It’s Still Not Safe to Eat Kellogg’s Honey Smacks, CDC Warns

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In June, the U.S. Food and Drug Administration (FDA) issued a Honey Smacks cereal recall. Salmonella contamination was the culprit behind the early-summer recall alert. And while plenty of parents—and other non-parent consumers—pulled the cereal from their kitchen shelves, it seems like there are still cases of the illness being reported. Representatives for Kellogg’s did not immediately return Red Tricycle’s request for comment.

In an update issued Sep. 4, 2018, the CDC noted that 30 people have become ill in 19 states, since the agency’s last update in July. Along with the updated illness stats, the CDC reports that people in three previously unaffected states—Delaware, Minnesota and Maine—have also become sick.

The affected cereal was sold under the brand name Honey Smacks, and includes 15.3 oz. packages with best if used by dates between June 14, 2018 and June 14, 2019 and 23 oz. packages with best if used by dates between June 14, 2018 and June 14, 2019. The affects cereal also has either a UPC code of 3800039103 or 3800014810.

Kellogg, the makers of Honey Smacks, cautioned consumers against eating the cereal and offered full refunds. Even though the cereal recall was nearly a month ago, that apparently doesn’t mean the Salmonella outbreak has ended. According to the CDC’s website, recent reported illnesses have happened after consumers ate affected cereal that they had in their homes.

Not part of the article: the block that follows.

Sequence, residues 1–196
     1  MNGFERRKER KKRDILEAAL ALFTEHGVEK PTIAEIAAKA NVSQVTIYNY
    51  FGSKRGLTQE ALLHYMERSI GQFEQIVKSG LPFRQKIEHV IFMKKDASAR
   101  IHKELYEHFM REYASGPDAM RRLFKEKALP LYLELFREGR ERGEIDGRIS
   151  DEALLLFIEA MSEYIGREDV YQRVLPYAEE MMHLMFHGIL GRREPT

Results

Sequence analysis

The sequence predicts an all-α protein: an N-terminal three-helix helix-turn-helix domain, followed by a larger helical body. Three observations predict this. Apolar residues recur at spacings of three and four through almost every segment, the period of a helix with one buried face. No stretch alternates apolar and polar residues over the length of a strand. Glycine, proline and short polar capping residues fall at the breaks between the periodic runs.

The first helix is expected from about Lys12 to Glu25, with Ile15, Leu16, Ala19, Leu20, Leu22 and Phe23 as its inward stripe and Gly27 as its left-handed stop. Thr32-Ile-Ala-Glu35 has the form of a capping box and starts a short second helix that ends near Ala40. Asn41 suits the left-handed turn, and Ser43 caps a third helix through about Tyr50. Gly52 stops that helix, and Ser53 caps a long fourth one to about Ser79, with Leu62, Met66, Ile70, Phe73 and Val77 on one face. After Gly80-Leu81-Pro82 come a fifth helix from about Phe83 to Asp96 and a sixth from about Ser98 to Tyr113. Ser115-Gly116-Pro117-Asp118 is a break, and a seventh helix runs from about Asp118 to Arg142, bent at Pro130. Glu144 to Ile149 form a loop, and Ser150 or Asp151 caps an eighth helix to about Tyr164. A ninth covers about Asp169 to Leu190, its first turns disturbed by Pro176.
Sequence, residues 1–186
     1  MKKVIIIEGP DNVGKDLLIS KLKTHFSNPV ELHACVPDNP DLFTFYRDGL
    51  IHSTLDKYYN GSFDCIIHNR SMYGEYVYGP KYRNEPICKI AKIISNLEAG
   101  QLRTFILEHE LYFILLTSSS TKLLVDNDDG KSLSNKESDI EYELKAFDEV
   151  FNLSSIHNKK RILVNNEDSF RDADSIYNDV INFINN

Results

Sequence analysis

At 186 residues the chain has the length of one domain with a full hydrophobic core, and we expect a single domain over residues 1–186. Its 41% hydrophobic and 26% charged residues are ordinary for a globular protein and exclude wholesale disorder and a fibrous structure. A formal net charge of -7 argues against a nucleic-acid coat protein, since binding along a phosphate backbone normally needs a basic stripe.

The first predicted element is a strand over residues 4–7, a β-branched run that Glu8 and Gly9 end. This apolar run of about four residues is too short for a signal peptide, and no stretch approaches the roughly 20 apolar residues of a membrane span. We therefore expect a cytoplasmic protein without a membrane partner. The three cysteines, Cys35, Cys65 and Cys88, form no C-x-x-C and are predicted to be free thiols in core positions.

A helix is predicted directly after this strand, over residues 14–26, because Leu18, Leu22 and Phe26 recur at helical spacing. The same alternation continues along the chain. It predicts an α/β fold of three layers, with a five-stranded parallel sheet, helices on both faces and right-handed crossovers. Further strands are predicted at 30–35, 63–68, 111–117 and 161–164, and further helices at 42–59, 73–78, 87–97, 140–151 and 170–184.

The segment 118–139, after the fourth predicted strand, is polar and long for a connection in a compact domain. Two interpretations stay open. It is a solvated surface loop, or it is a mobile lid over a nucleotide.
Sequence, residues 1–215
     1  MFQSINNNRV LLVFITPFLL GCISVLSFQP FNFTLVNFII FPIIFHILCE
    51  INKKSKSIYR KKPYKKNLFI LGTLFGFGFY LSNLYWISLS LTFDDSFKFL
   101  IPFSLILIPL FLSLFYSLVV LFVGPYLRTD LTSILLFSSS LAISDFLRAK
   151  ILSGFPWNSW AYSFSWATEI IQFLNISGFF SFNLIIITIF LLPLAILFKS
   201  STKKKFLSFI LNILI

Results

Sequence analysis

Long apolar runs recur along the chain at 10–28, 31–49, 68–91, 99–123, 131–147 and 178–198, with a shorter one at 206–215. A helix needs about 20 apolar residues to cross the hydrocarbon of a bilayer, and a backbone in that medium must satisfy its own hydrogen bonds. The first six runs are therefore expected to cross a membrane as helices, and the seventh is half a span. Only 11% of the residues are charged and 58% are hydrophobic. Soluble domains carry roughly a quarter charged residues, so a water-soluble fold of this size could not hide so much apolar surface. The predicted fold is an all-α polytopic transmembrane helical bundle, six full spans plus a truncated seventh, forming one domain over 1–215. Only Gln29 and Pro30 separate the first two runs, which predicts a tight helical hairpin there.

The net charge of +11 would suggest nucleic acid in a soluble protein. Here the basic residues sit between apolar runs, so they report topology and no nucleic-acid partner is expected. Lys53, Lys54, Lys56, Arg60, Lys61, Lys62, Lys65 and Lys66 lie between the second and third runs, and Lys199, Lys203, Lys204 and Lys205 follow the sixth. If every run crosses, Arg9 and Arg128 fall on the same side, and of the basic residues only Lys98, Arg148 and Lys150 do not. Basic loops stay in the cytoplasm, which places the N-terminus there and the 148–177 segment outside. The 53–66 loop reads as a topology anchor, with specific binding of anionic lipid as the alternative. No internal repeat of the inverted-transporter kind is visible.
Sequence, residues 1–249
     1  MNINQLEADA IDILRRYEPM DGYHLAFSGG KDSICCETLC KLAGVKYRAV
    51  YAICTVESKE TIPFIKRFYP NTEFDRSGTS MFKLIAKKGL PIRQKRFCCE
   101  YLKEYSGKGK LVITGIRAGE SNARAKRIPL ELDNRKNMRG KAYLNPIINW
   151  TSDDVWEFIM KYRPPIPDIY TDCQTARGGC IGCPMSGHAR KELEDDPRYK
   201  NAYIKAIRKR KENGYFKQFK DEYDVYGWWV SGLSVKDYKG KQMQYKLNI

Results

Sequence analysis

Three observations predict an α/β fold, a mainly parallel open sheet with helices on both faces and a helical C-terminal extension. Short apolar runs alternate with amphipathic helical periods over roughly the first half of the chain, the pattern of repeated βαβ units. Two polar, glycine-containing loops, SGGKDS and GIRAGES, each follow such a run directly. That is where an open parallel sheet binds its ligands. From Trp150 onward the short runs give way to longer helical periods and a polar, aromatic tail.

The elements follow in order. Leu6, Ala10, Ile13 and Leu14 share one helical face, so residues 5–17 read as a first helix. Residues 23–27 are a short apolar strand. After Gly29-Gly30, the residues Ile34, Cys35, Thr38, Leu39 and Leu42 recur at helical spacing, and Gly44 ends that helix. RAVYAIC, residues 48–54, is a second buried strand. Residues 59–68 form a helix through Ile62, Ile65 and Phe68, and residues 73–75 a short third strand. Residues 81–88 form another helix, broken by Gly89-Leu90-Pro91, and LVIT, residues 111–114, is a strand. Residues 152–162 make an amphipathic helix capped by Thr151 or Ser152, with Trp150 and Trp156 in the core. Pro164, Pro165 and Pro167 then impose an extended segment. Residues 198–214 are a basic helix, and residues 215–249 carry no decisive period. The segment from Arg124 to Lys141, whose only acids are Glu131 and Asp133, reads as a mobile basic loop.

So what does this mean for you? It’s very much a buyer beware situation. If your grocery retailer sells Honey Smacks, check the UPC code and use by date to make sure that it isn’t part of the recall.

If it is a recalled product, DON’T buy it. Alert the store manager (or a staff member) about the recalled product—They’ll need to remove it from the shelves pronto.

If you do have a recalled box of Honey Smacks at home, contact Kellogg at 1-800-962-1413 Monday through Friday from 9 a.m. to 6 p.m. ET or Saturday and Sunday from 10 a.m. to 4 p.m. ET. You can also visit for more info.

—Erica Loop

Featured Photo: torbackhopper via Flickr


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